Amgueddfa Blog: Hanes Naturiol

For the Royal Horticultural Society’s Flower Show in Cardiff this year, we decided to build on previous experience of creating real botanical windows. We wanted something that would form an eye-catching backdrop to the collections on display within Amgueddfa Cymru's woodland-themed marquee.

The botanical windows began in 2015 with our Museum in a House exhibit for the Made in Roath festival. We wanted a display that would reflect aspects of our Museum work as well as to represent the herbarium itself. We pressed plants following the standard method for creating herbarium specimens as shown below. In this way, plant specimens last for hundreds of years on conservation grade card and out of light in herbarium cupboards.

Method for pressing plants for long-term storage in the botany collections:

  1. Select a plant showing as many characters as possible – fruit, flowers, roots.
  2. Place between blotting paper, arranging the plant at the same time, to limit the amount of overlapping material.
  3. Place in a plant press and tie as tightly as possible.
  4. Place in a drier between 20 and 30oC.
  5. Change the blotting paper initially every day, and then less often until the plants are completely dry. This will take about a week.
  6. Attach plant to conservation-grade card (for example made from cotton) using small strips of adhesive cotton tape. Place the tape strips strategically on the plant’s stems and leaves to hold it safely on the card. This technique allows for some flexing of the card without damage to the plant and for easy removal of the plant from the card for study.
  7. Store out of light in an environment with humidity between 40 and 60 RH.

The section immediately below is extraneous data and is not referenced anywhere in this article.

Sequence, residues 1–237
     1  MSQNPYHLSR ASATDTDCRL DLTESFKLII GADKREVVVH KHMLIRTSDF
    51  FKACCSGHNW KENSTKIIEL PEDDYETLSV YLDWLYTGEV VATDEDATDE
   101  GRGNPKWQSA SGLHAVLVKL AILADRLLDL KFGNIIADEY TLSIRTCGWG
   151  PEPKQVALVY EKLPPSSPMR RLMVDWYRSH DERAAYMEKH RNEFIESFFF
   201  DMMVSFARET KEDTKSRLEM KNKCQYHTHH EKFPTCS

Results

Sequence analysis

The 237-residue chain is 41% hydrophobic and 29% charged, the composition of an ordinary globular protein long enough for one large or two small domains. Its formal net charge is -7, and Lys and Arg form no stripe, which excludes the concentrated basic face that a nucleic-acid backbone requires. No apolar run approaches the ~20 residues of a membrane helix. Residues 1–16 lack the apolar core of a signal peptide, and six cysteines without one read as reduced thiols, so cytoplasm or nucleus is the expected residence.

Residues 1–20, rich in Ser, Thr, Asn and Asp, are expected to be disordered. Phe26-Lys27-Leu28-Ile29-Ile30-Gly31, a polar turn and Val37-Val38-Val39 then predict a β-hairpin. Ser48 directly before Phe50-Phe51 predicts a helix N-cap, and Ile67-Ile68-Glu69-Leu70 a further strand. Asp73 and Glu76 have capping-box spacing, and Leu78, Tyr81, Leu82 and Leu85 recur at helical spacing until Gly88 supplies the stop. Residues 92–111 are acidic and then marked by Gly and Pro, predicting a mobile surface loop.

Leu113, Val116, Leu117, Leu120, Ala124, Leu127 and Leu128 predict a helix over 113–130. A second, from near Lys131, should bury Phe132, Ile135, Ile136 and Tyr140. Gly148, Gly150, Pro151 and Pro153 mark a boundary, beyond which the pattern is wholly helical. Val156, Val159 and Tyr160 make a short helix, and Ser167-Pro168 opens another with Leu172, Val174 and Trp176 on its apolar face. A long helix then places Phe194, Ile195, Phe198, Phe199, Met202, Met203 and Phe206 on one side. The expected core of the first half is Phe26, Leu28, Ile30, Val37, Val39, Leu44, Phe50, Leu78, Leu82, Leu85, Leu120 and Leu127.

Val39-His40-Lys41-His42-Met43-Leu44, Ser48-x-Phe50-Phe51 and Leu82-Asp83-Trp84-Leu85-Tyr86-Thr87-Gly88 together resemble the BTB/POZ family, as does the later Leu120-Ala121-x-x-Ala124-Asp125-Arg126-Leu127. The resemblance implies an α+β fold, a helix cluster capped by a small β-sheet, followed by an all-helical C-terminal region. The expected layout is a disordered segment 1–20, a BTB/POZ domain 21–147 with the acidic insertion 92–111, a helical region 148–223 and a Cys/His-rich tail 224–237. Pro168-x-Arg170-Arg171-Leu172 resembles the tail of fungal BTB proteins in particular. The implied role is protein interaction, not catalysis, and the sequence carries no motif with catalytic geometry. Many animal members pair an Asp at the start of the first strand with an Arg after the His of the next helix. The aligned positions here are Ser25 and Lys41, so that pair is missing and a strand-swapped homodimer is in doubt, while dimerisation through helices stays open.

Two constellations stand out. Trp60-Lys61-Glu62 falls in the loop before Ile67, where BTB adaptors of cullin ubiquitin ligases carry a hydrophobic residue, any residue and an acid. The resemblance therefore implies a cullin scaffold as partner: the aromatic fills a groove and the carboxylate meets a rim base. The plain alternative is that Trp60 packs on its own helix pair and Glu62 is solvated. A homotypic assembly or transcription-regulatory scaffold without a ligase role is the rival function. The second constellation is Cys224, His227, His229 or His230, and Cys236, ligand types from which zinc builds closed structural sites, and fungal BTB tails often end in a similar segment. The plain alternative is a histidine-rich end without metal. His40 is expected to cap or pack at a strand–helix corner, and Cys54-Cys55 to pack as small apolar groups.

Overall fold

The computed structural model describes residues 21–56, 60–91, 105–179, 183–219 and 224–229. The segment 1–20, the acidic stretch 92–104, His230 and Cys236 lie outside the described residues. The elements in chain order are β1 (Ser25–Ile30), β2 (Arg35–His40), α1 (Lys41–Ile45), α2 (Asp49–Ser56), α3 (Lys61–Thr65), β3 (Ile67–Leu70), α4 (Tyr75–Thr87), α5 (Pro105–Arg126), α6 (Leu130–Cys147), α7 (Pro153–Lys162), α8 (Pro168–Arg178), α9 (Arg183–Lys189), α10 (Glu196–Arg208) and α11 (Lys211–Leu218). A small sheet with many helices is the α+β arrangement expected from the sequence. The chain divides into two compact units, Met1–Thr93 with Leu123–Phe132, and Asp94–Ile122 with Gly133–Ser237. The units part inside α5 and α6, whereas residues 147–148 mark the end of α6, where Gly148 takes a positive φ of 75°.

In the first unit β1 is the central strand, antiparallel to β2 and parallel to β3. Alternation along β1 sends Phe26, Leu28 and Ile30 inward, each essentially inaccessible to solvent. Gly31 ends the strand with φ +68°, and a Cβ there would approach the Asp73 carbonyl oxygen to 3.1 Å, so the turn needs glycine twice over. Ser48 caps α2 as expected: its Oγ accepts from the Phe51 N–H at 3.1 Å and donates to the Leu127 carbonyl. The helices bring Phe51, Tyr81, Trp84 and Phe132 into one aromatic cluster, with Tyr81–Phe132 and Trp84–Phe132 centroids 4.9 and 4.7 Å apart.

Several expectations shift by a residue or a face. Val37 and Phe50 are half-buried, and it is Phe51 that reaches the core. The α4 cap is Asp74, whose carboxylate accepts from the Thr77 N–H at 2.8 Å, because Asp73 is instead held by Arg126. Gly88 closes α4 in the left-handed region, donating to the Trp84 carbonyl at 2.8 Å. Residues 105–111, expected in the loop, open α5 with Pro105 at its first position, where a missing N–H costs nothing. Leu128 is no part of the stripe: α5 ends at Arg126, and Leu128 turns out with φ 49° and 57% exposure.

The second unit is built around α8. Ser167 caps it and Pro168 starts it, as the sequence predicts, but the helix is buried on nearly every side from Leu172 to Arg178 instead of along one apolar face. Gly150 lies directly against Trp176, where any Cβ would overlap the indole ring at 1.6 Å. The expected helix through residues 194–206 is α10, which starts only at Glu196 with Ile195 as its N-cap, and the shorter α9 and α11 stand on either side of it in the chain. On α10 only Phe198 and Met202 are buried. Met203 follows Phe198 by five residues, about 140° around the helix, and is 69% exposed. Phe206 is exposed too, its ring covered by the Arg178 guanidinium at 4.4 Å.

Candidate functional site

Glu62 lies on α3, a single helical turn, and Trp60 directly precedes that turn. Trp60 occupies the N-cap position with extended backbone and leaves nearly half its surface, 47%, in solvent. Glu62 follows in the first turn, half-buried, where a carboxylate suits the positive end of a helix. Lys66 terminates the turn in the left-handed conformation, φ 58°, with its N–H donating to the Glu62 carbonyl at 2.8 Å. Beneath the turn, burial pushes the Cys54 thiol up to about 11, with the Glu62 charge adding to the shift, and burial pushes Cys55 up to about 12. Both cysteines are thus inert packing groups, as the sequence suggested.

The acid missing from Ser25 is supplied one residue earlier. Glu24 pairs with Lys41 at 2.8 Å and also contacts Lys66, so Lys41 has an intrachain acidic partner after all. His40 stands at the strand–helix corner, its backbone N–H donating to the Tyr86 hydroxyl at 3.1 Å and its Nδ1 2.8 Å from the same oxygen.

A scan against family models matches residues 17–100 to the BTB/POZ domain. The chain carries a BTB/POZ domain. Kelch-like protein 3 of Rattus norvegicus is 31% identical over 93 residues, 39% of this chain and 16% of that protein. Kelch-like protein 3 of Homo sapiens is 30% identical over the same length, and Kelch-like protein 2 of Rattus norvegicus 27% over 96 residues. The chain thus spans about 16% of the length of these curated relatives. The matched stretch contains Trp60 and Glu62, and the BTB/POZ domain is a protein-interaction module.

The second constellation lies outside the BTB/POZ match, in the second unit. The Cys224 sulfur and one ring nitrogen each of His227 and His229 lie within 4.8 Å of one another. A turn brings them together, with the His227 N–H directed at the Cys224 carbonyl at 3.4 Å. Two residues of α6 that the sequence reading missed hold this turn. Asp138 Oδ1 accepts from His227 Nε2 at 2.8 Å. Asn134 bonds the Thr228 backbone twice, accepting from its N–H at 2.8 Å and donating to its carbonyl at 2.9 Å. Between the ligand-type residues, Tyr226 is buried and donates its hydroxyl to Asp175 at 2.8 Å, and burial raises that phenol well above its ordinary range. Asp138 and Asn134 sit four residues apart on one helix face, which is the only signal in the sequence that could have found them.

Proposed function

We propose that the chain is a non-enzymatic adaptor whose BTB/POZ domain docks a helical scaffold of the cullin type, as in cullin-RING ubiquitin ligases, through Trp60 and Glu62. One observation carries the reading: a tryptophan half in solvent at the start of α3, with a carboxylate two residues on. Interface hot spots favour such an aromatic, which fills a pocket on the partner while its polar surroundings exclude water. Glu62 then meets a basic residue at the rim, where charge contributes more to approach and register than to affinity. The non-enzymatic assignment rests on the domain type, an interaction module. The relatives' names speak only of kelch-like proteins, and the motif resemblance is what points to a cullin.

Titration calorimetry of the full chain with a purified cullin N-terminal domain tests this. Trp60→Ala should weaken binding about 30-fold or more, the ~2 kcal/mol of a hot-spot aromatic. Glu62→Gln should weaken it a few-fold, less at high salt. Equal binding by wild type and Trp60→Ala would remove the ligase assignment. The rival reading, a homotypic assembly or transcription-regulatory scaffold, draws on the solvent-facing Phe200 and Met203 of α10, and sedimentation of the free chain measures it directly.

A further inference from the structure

After pressing, we attached the plants to large sheets of tracing paper using small pieces of transparent tape strips (rather than the conservation grade materials we would normally use for the botany collections). The tracing paper was then wrapped carefully for transport to the site of the exhibit and then taped to sunny windows in the living room.

For the RHS Flower Show in 2016, we built on the initial idea but had the added complication of having to create our own windows to install in the marquee. We had nine 80 x 60 cm sheets of 2mm thick acrylic cut, with holes drilled into each of the corners for hanging. We attached the plants to these sheets using small transparent tape strips. Once at the Flower Show, we attached strong metal rings to the corner of each panel and hung the panels from the cross bars of the marquee by looping fishing line (the type strong enough to catch a 60lb fish!) through the metal rings. The only worry now was whether the ranges of temperature and humidity in the marquee would be too much for the transparent tape and we would arrive the next day to find the plants on the floor! We certainly would never subject pressed specimens from the collection to this environment. We were relieved to find that the panels held well the whole weekend – and with much praise from visitors.

In 2017, we planned to recreate the botanical windows for the Flower Show, but with a slight twist. We had a woodland theme, so we chose Welsh trees for each panel: Oak, Beech, Hazel, Hawthorn, Holly, Scots Pine, Yew and Lime. To make the display really stand out, we printed a silhouette of the tree with its Welsh, English and scientific name onto transparent material for the backdrop. We taped the transparencies onto the acrylic and then taped the pressed plants onto the transparencies as before. Unfortunately, this year was particularly warm weather – the transparent tape holding the pressed plants did not last as long on some of the panels, so remedial work had to be carried out to keep the display looking good.